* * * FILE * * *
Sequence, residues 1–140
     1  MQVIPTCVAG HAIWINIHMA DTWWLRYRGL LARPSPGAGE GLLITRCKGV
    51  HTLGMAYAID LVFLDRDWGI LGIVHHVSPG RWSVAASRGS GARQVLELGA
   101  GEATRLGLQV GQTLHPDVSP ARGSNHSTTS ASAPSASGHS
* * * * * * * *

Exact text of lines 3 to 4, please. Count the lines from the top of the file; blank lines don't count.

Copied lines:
    51  HTLGMAYAID LVFLDRDWGI LGIVHHVSPG RWSVAASRGS GARQVLELGA
   101  GEATRLGLQV GQTLHPDVSP ARGSNHSTTS ASAPSASGHS